by Fiona Anderson
I had my first arthritis episode in my early 30s. Arthritis is an inflammation of the joints, and it can also affect the tissue surrounding the joints. There are multiple types of arthritis, and it seems there are multiple contributing factors rather than a single ‘cause’. I have spondyloarthritis. ‘Spondylo’ means ‘the spine’, and for many people, the spine is afflicted by the condition. Happily, my spine was not significantly affected, however, my feet, knees and hands were. For a while, it was quite debilitating.
I have a genetic ‘marker’ that means I am pre-disposed to this condition, but not everyone who has this marker develops arthritis. I first developed spondyloarthritis at a time when I was in an immensely stressful job. It was one of those jobs where 12 hour days were quite normal, followed by an hour or two more work later, in bed with the laptop on my knees!! It’s difficult to believe there was not a link between this stressful environment and the development of my condition.
The onset of this condition prompted me to think about my lifestyle and to adopt some positive changes. One of those changes was to start to attend yoga classes. (I also left the job I was in!)
Close to 1 in 5 Australians have arthritis. Yoga is excellent for people with arthritis. Many postures increase the circulation in the joints, and help to flush toxins from the body. Standing poses like Vrksasana, Trikonasana and Prasaritta Pardottanasana are ideal, as are some of the more sedentary poses, like Sukhasana, Virasana and Varjrasana. Yoga also builds muscle strength, providing greater support for damaged joints. Use the props you need to help you in the pose, and hold poses only for a short time to start with, building up the time you hold poses.
Another way in which yoga is helpful for arthritis sufferers is through helping the practitioner to understand how to link breath and movement, encouraging movement to flow. Pain causes tension in the sufferer, as muscles tense in an attempt to avoid causing further pain to the inflamed joint. Sitting or lying in a comfortable position, and practicing pranayama, can be enormously helpful in relieving the tension.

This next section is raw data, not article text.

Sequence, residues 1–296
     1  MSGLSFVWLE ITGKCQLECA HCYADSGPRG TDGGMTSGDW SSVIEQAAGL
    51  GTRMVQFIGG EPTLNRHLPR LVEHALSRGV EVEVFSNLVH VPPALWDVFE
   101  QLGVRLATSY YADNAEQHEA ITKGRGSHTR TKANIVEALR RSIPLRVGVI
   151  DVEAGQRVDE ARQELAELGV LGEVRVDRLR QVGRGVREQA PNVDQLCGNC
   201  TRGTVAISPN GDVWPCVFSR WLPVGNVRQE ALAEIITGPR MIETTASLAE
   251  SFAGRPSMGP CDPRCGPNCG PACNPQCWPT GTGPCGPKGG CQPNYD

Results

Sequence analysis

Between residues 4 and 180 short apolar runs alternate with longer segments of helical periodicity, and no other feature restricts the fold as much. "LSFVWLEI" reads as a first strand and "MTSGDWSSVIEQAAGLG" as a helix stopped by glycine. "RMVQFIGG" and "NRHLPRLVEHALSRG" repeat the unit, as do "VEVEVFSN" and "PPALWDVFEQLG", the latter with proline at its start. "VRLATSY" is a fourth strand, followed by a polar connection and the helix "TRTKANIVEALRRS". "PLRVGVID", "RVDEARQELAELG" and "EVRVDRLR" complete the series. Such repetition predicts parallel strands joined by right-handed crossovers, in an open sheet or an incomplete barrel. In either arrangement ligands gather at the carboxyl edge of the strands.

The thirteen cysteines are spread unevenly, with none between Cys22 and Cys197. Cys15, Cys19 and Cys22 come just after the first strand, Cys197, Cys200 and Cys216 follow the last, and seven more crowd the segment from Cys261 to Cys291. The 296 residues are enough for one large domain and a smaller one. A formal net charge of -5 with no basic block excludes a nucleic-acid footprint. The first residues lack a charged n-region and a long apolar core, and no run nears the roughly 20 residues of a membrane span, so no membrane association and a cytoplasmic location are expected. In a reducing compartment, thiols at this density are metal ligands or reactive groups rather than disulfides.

It can be difficult to start practicing yoga when experiencing joint pain. I understand this. The problem is, if you avoid using a joint because it is painful with arthritis, then unfortunately, the arthritis is likely to continue to progress. So persistence, and perhaps learning to tolerate a degree of pain, is part of the process. Working consistently, within limits, and working with the breath will help the continued progression of the yoga practice.
Lying in savasana a few nights ago, I recalled what an alternative practitioner said to me when I sought acupuncture when I first developed arthritis. He quoted what he said was an Eastern medicine philosophy: “learn to love your disease and it will go away”. It’s our natural instinct to fight and resist chronic diseases. But some of them can’t be ‘cured’ or controlled. The best we can hope for is that they go into remission…. and that the remission lasts a long time. Ultimately, we have to find a way to accept them, and understand they’re part of who we are.
My disease led me to yoga, and starting a lifelong ‘partnership’ with yoga has been one of the most positive things I’ve done in my life so far. Reflecting on this, I realised I should be grateful to my arthritis.
Finally, I feel I’ve learned to ‘love’ my disease.
Thanks to and reposted from Hawthorn Yoga Centre : http://blog.hawthornyoga.com/2011/05/29/arthritis-and-yoga-–-a-personal-insight-by-fiona-anderson/